Section 8: Employment Creation Evidence
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Evidence that the entity’s board will create or preserve at least 10 full-time jobs over the next two years. The eligible employees are typically U.S. citizens, U.S. nationals, lawful permanent residents, or other immigrants authorized to work in the U.S. This definition excludes family members of foreign nationals and nonimmigrant aliens. Here’s how you can prove this:
- Comprehensive Business Plan: Provide a detailed business plan that outlines why and when you’ll hire at least ten qualifying employees. This plan should show how your investment will lead the job creating entity.
- Relevant Tax Records and Forms I-9 (if employees have already been hired)
- Relevant Tax Records: Include copies of tax records that prove the existence of the required number of employees.
- Forms I-9: Submit Form I-9s or similar employment documents for the qualifying employees.
- Regional Centers (if applicable): If you’re working with a regional center, provide evidence of a reasonable plan to indirectly create the necessary jobs through the business
- Troubled Businesses (if applicable)
- Business Existence: Demonstrate that the NCE has been in existence for at least two years.
- Financial Loss: Show that the NCE has incurred a net loss according to generally accepted accounting principles during a specific period before your priority date on Form I-526. This loss should be at least 20% of the troubled business’s net worth before the loss.
- Employee Maintenance: Prove that the NCE will maintain the same number of employees as it had before your investment for a minimum of two years.
Section 9: Proof of Management Involvement
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You need to show that you are actively involved in managing the New Commercial Enterprise. This can be proven by:
- Describing Your Role: Provide a statement that includes your job title and a detailed description of your responsibilities within the NCE.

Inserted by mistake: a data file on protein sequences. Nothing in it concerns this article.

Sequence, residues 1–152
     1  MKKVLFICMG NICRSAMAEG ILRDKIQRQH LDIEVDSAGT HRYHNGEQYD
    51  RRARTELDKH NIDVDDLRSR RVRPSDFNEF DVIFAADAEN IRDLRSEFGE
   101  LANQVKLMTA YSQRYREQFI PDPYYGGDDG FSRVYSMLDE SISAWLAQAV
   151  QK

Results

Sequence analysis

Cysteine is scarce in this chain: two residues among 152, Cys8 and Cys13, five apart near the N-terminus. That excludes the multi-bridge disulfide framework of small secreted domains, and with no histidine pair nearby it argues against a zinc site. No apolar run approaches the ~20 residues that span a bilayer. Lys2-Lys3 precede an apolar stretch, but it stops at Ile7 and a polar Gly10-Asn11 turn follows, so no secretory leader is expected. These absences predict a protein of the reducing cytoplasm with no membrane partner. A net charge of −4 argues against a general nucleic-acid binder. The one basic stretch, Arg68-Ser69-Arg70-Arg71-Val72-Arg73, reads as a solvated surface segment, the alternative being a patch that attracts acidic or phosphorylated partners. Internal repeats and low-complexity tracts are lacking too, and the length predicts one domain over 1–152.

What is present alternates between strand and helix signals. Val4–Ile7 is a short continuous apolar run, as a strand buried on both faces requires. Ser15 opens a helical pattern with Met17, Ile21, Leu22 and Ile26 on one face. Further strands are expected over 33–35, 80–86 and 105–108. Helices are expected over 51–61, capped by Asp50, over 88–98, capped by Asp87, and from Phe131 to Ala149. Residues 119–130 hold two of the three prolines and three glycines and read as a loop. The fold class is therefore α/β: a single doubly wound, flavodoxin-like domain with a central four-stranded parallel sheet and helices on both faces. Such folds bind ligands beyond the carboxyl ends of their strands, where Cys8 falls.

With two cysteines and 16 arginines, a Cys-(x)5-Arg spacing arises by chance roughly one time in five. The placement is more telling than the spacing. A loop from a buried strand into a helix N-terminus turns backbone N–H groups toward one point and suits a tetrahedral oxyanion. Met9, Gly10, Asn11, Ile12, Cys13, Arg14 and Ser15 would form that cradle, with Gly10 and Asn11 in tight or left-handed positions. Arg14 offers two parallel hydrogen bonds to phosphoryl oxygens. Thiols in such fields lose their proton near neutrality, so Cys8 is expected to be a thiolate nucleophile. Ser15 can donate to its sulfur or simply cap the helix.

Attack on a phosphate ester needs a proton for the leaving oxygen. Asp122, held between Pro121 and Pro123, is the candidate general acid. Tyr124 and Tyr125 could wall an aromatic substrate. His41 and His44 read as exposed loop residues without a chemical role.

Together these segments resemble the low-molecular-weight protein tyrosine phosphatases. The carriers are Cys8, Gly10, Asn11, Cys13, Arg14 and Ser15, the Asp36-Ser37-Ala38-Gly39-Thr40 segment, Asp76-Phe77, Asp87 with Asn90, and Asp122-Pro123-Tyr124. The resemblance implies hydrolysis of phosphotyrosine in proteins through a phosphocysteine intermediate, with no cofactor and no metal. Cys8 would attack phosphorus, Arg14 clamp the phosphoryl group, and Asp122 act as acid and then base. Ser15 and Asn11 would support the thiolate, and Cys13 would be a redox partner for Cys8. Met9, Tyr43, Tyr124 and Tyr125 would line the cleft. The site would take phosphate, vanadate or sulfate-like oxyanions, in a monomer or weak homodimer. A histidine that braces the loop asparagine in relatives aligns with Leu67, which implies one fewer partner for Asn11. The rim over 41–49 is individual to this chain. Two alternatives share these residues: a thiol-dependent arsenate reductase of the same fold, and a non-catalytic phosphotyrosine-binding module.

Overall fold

- Corporate Officer or Board Member (if applicable): Provide evidence of your official role as a corporate officer or board member, such as corporate records or appointment letters.
- For Partnerships (if applicable): Show your direct involvement in day-to-day management or policy-making activities through documents or role descriptions.
Section 10: Regional Center Affiliated Petitions
When pursuing your EB-5 visa through a regional center, specific documentation is crucial. The regional center might also help you with other documentation. If the regional center has established a project in an already-designated TEA, for example, it can provide you with documentation supporting your investment destination’s status as a TEA, thereby relieving you of the burden of proving it on your own.
Here is what you need for Regional Center Affiliated Petitions:
- Form I-924 Approval: Include the Form I-924 approval notice from USCIS, designating the regional center linked to your petition.
- For regional center affiliated petitions seeking deference with previously approved project:
- Business Plan: Detailing the project’s objectives, strategies, and financial projections.
- Economic Analysis: Presenting the economic impact of the project, crucial for demonstrating job creation.
- Organizational and Transactional Documents: Outlining the legal structure, partnerships, and operational plans of the project.
In navigating the complex journey to obtain a U.S. green card through the EB-5 immigrant investor’s only program, seeking professional guidance from immigration services is not just a choice; it’s a strategic decision that can significantly impact your success.
While this guide has provided valuable insights, the importance of consulting an experienced immigration attorney cannot be overstated.
An immigration attorney brings expertise, experience, and a deep understanding of the ever-evolving immigration landscape. They can offer personalized guidance, help you make informed decisions, and ensure that your immigrant visa application package and business plan is meticulously prepared and optimized for success.